Saturday collection 02/28/09


Here is a collection of some of the good things that Episcopalians and their congregations that have made the news in their communities this past week.

Going green for Lent

The Fairbanks, Alaska, News-Miner reports that the Fairbanks faithful are going green for Lent:

The color purple — liturgically correct during Lent — is taking on a green hue, as many churches focus on Caring for Creation themes and carbon diets during the 40 weekdays preceding Easter. Christians are being asked to give up carbon for Lent rather than candy and practice becoming good stewards to the Earth, the church, themselves and each other.


Today, some church leaders are urging parishioners to cut their energy use [as well the other more traditional Lenten practices] and do a 40-day carbon fast in acknowledgment of Christ’s fasting in the desert.

At St. Matthew’s Episcopal Church, the Lenten program is called, “Caring for Creation: Lenten Fast from Carbon.”

“We’re offering it as part of our relationship with Alaska Interfaith Power and Light,” explained Andrea Backlund, who with her husband, Oliver, have signed up 17 families to date.

Teen center reaches out

The New Haven Independent describes how St. Andrew’s Episcopal Church in that city has opened a teen center at a time when others are closing because of lack of support.

(The center has) a budget of about $70,000, raised from several Episcopal parishes, other churches like Elm City Vineyard, and the International Association of New Haven, which is funding a cross-cultural initiative.

Your Place began last summer, running a program for 40 teens, 30 of whom were referred by the New Haven Juvenile Review Board. To be eligible for the youth leadership training, they had to take two classes and participate in mentoring. They took a class on public speaking and wrote about their experiences with violence. They also had guest speakers like the mayors of some nearby towns who discussed their efforts to deal with youth violence.

Soup kitchen grows own food.

Manna Meal, housed at St. John’s Episcopal Church in downtown Charleston, West Virginia, serves two free meals a day to the homeless and those who are struggling to make ends meet. They have started their own vegetables on borrowed land cultivated by volunteers to round out the menu and involve the community.

The Charleston (WV) Daily Mail writes:

“We are definitely serving more people,” Simpson said. “In fact, our numbers were up 12 percent in January over last year. We thank God every day we are here. We see people in line and ask how they are. They said ‘I am blessed. I am truly blessed.’ ”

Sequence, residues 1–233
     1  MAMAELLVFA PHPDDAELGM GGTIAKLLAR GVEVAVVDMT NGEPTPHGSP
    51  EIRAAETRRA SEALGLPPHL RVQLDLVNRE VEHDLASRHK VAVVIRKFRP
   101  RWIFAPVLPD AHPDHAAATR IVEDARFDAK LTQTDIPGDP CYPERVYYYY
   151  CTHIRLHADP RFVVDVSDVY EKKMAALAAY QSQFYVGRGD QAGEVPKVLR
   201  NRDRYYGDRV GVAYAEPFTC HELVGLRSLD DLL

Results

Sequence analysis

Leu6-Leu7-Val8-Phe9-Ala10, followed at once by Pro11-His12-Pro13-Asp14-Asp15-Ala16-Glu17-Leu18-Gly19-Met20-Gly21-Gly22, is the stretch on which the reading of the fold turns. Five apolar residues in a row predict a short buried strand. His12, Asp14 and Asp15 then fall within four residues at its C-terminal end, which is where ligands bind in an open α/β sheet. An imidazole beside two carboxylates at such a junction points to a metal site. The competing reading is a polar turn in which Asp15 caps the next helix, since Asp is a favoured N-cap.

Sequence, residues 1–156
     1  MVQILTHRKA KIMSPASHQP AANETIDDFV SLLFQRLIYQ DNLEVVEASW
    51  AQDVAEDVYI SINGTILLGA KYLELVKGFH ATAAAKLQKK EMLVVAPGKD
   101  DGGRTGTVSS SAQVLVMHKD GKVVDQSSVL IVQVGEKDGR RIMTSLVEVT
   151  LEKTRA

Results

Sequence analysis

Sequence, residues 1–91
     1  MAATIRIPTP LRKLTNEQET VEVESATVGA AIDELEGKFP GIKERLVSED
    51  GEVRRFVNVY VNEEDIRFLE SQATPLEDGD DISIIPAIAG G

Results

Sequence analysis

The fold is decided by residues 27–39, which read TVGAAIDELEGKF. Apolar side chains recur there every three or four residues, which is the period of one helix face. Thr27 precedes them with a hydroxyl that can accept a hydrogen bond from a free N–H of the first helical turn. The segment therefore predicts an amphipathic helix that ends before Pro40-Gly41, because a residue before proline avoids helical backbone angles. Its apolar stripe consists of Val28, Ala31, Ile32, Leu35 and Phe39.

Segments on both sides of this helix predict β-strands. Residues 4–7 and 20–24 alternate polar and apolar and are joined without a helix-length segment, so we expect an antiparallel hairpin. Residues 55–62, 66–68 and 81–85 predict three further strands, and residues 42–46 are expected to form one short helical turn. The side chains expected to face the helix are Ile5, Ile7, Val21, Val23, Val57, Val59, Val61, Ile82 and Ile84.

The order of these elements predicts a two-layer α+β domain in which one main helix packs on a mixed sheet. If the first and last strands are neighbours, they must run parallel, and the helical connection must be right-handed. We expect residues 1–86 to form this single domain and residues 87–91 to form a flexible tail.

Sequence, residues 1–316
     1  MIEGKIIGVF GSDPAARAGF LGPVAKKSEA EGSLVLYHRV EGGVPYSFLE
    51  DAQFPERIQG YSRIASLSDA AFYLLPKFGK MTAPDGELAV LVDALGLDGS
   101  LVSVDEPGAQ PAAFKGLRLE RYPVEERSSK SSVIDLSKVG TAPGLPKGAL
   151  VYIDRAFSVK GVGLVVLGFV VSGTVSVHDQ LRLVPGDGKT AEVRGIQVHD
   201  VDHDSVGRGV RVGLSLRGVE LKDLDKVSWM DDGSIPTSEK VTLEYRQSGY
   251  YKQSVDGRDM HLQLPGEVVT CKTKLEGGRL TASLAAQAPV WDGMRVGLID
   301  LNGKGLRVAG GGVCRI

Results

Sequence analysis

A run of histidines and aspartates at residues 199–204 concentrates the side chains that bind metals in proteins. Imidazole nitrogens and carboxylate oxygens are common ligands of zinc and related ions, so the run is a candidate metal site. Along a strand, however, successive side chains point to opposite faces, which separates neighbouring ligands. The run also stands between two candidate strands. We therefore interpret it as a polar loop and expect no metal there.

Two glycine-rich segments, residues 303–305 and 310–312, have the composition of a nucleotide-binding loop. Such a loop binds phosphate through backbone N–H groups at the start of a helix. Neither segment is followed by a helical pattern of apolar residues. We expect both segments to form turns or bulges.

She is seeing more families with young children stop for breakfast or lunch while the older children are in school where they have access to free or reduced meals….

…A garden could help supply fresh vegetables for summer as well as extra produce that could be canned or frozen for winter.

Homeless car camp

St. Luke’s Episcopal Church in Seattle, Washington, opens their parking lot to the homeless who have no place to sleep except their cars.

My Ballard says:

With the number of homeless people living out of their cars on the rise, Ballard Homes For All Coalition (BHFAC) launched a program last year to provide a safe environment for homeless car campers. Now several months later, they’ve reached an agreement with St. Luke’s Episcopal Church on 57th St. and 22nd Ave. to host the first car camp in the parking lot.

Jazz mass

The Post-Tribune of Valparaiso, Indiana, describes the jazz mass at St. Andrew’s Episcopal Church on the Last Sunday after the Epiphany:

Under the direction of guest music director J.D. Struckmann, people moved to off-beat renditions of their favorite hymns, while Struckmann, the Jeff Brown Trio and trumpet player Tom Reed wove in and out with jazz improvisations.

“It is the most fun I’ve ever had in church,” said L.P. Manning of Valparaiso. “I knew the words to everything they played.”

Not just the hymns, but some “adapted” standards played before and after mass, too. Struckmann, a specialist in liturgical jazz music, who studied under Valparaiso University Professor of Music Jeff Brown, now lives in Houston, Texas, where he teaches music at Lutheran High School North and jazz history at Concordia College….

…The celebration precedes the upcoming season of Lent, with all its sacrifice and sobriety.

“It’s not about giving up stuff,’ said Father Wineland. “It’s about making extra time to think about God.”

Amen to that!

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